Australia’s largest rural health school, based at La Trobe University, is celebrating 10 years of health professional education and research, improving the lives of thousands of people living in rural and regional communities.
Australia’s largest rural health school, based at La Trobe University, celebrated 10 years of health professional education and research, improving the lives of thousands of people living in rural and regional communities.
The milestone was celebrated at the School’s annual conference at La Trobe’s Bendigo campus.
La Trobe Vice-Chancellor Professor John Dewar said the La Trobe Rural Health School has played a critical role in improving healthcare in rural and regional communities since its formal establishment in 2009.
“Each year the School graduates hundreds of nurses, dentists, paramedics, social workers, midwives and allied health practitioners, among others – the vast majority of whom go on to work in rural and regional areas.
“We know that, on average, Australians living in rural and remote areas have shorter lives, higher levels of disease, and poorer access to health services, compared with their metropolitan counterparts.
“Every day, graduates of our Rural Health School are putting back into these communities, improving quality of life, and providing healthcare where it is needed most,” he said.
The La Trobe Rural Health School also has a strong research component, aiming to address critical health challenges affecting rural and regional communities.
Researchers explore everything from combating poor oral health, to teaching children to read, to navigating complex healthcare systems when a family member is diagnosed with dementia.
La Trobe Rural Health School Head, Professor Pamela Snow, said the School aims to understand regional communities “from the inside out”.
“We don’t impose our ideas – we work hand-in-hand with local communities to understand their unique challenges and develop workable long-term solutions together,” Professor Snow said.
“This critical work has resulted in policy changes at all levels of government, and countless community-led programs that have significant and lasting impact,” Professor Snow said.
The School has developed strong connections with rural and regional communities across Australia.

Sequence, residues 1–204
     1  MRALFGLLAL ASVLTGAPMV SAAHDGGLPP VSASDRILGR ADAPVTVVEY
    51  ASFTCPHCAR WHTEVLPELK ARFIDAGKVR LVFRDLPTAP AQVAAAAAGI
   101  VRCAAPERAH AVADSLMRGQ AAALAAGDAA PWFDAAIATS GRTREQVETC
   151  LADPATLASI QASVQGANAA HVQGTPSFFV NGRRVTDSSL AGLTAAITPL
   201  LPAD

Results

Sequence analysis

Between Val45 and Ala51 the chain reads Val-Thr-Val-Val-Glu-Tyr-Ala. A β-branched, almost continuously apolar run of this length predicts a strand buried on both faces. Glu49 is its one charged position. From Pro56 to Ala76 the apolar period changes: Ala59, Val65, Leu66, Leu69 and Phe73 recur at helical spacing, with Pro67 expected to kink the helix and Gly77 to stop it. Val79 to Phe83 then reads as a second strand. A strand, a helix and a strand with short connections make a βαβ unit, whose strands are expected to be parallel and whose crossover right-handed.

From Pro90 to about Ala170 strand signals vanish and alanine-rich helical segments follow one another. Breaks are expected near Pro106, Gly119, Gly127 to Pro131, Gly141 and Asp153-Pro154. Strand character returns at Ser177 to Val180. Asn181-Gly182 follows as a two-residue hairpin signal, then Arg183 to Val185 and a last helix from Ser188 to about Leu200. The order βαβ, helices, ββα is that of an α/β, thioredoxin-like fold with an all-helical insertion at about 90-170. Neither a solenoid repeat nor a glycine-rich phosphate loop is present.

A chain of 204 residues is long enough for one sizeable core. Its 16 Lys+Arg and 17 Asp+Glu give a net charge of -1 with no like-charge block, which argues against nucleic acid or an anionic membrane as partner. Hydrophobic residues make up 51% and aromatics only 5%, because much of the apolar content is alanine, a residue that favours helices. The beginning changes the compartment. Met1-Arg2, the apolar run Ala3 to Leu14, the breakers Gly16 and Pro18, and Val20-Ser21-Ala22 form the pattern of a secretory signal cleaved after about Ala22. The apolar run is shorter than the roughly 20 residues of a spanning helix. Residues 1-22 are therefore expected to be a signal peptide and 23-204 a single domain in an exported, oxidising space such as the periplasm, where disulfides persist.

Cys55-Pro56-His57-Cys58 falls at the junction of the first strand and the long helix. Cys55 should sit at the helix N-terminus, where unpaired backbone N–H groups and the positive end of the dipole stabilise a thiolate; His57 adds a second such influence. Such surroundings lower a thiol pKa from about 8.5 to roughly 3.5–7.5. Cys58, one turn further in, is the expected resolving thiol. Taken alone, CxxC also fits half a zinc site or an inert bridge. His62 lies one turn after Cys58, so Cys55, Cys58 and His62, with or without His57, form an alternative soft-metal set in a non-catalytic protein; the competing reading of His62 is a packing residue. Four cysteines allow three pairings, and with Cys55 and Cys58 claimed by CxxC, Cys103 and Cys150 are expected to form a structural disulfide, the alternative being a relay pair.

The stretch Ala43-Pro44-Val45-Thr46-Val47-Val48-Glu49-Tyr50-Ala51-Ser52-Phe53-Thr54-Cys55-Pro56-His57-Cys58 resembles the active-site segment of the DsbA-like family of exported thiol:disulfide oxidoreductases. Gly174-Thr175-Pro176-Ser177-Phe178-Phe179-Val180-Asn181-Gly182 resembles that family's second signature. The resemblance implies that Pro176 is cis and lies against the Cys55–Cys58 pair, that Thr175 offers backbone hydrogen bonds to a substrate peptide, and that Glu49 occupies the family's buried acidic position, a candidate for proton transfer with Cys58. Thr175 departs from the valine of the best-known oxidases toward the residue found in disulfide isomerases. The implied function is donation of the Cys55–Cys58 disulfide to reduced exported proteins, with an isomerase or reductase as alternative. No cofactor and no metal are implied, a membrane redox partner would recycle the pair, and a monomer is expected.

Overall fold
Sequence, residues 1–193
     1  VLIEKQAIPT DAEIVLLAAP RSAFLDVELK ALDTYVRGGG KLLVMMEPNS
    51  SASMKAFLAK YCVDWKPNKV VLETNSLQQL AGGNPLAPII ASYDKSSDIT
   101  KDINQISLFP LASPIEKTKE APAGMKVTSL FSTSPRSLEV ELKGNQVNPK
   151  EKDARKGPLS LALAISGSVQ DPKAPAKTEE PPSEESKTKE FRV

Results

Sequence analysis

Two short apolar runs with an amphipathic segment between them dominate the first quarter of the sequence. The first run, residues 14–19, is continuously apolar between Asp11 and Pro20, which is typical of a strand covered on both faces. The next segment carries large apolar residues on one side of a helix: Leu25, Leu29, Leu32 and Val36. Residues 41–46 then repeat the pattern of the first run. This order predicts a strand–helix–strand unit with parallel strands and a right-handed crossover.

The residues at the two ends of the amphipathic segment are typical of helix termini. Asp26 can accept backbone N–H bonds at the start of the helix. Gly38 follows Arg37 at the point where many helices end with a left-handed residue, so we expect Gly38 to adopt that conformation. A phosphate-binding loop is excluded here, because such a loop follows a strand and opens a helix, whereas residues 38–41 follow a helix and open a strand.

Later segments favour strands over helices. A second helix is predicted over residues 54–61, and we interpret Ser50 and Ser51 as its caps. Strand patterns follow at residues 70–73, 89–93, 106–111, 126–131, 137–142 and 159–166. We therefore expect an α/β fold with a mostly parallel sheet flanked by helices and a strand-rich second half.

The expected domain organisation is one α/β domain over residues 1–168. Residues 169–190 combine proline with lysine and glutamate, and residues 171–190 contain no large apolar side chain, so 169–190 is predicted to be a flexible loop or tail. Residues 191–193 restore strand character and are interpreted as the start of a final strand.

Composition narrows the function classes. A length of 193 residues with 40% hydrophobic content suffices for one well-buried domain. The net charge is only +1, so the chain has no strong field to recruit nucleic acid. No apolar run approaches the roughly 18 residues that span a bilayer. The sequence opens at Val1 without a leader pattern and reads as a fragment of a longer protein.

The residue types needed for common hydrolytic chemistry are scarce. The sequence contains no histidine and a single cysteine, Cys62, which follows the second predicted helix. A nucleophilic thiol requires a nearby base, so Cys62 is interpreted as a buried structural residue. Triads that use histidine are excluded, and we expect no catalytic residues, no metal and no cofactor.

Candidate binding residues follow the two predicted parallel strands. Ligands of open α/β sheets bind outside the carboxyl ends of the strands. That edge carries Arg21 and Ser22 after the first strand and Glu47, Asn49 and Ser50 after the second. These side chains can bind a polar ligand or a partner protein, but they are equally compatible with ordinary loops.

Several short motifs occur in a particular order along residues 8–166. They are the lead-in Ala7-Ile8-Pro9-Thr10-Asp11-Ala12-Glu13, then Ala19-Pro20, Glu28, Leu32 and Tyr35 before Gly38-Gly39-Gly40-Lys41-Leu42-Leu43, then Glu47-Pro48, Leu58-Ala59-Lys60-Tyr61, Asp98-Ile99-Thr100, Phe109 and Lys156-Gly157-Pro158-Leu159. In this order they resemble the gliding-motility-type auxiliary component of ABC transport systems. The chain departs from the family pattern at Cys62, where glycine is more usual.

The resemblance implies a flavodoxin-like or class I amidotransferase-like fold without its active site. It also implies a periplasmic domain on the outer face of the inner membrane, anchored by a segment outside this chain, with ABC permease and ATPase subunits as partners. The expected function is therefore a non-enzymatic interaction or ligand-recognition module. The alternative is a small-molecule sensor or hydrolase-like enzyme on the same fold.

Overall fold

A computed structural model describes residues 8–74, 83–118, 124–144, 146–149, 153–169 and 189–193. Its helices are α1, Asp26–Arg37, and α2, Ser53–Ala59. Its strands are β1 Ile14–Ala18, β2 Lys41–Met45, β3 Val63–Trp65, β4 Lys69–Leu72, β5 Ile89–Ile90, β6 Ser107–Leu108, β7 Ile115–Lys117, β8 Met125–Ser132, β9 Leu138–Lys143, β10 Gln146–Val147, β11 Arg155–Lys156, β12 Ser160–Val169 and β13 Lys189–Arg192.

“Each year our students complete around 3000 individual placements, totalling 400,000 hours, in hospitals, community health centres, welfare and justice agencies, and private clinics around the country.
“We are producing graduates who understand the unique needs of these communities, and who are career-ready when they start work in a remote area or regional town,” she said.
The 10-year milestone was marked at the 2019 Rural Health Conference, which includes presenters from the La Trobe Holsworth Research Initiative, the John Richards Centre for Rural Ageing Research, and the Violet Marshman Rural Health Initiative.
After the conference, Professor Patrick McGorry AO, Executive Director of youth mental health organisation Orygen, presented the Violet Vines Marshman Oration.
Although the La Trobe Rural Health School was formally established in 2009, health professional education at La Trobe in Bendigo well pre-dates that time.
*Around 73 per cent of students work in a rural location upon graduation.
*The School partners with more than 330 rural and regional health agencies, to each year deliver over 3000 individual student placements, totalling around 400,000 hours.
*Students complete placements in rural and regional areas across the country, and overseas – everywhere from Mildura to Nepal.
*The school has attracted more than $8,400,000 of research funding since its inception in 2009.
*The total project budget when the School was first established was $75.9 million – including the Clinical Teaching Building in Arnold Street ($22.4 million), the Rural Health School building at the main Bendigo campus ($17.7 million), expansion of dental facilities ($3.6 million), 286 student accommodation beds ($31.9 million), and a wet anatomy lab ($600,000).